Ripple against SEC

In today's article, we will reflect on whether cryptocurrencies will continue to grow this year and which one will be in the lead. We will look into how well-known traders and cryptoanalysts study the market and what methods and approaches are used to predict the rates of individual cryptocurrencies.

What happened?

United States Securities and Exchange Commission (SEC) sued Ripple in December 2020. They claim that Ripple raised illegally $ 1.3 billion through an unregistered securities offering. The lawsuit states that Ripple violated securities laws during the selling of XRP.

The lawsuit raises a major question: "Is XRP a security or a currency?"

The SEC considers it to be a security, and this is a situation when Ripple violated securities laws from their point of view. The Commission points out the lack of meaningful information for investors, which is required to perform a risk assessment.

US law states that securities are tradable financial assets in the form of stocks, bonds, or options. According to the lawsuit, Ripple created an information asymmetry that allowed their two executives to sell XRP to investors with the likelihood of biased provision of information. Top managers themselves decided what to say to investors.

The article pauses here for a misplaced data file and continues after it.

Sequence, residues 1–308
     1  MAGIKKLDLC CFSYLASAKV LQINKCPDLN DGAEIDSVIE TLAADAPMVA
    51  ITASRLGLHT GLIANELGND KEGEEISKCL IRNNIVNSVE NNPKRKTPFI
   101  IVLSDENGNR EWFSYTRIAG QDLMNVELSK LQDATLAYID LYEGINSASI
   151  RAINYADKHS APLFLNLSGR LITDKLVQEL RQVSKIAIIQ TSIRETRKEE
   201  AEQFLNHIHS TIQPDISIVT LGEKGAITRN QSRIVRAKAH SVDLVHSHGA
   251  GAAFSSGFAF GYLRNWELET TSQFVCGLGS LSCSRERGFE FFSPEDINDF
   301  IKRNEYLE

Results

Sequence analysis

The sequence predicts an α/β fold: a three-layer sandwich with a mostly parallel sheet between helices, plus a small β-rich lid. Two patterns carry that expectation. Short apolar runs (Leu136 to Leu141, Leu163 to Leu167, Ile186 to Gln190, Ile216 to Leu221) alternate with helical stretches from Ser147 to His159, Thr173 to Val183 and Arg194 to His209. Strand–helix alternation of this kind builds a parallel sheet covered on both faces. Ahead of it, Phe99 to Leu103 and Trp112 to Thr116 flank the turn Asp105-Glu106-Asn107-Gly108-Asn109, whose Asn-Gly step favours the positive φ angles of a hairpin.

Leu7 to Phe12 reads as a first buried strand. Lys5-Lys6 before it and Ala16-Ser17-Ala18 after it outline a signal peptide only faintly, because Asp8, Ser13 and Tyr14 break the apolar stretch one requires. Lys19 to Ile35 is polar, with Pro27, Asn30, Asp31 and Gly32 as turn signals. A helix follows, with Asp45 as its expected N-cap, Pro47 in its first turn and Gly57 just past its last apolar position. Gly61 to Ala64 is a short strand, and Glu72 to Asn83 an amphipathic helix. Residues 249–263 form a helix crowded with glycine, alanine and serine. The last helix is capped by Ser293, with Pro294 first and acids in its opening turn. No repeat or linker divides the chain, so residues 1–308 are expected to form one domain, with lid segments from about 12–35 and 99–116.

At first, Ripple argued that XRP is not a security, but a digital currency. Such a position does not require compliance with SEC securities regulations.

However, the Wall Street Journal considers XRP to be the "third most expensive cryptocurrency" during 2013-2020.

Earlier, the SEC recognized that Bitcoin and Ethereum are currencies after all. Also, the Justice Department already considered XRP as a currency in 2015 in the process of settling another lawsuit with Ripple.

XRP is fundamentally different from Bitcoin and Ethereum. Ripple issued 100 billion XRP during the launch. Bitcoin and Ethereum create new coins only through mining. The process of creating new coins is still ongoing.

This is a key argument in the SEC's understanding of why XRP should be considered a security and not a currency.
UPD: On April 12, Ripple's management filed a petition to dismiss the SEC's claim. Ripple CEO Brad Garlinghouse and Chairman Chris Larsen have filed petitions with a US District Court judge to dismiss the SEC's first amended complaint against them due to bias.

If the request is accepted, there will be two successes for Ripple. First, the case will be closed. Secondly, the SEC will lose the right to bring similar charges against them in the future.

Who and how decides what is considered a security and what is not?

Cryptocurrency is a consistently hot topic of debate among global economies and governments. Some are digital asset friendly and openly supportive. But others are still in no hurry to give official decisions on the legality.

The United States is generally positive about the use of bitcoins and other cryptocurrencies. Regulatory discussions about blockchain are led by:

· Ministry of Finance;
· Securities and Exchange Commission (SEC);
· Federal Trade Commission (FTC);
· Internal Revenue Service (IRS);
· Financial Crime Enforcement Network (FinCEN).

All members of the list above understand "cryptocurrency" differently, and their position on regulation is also different.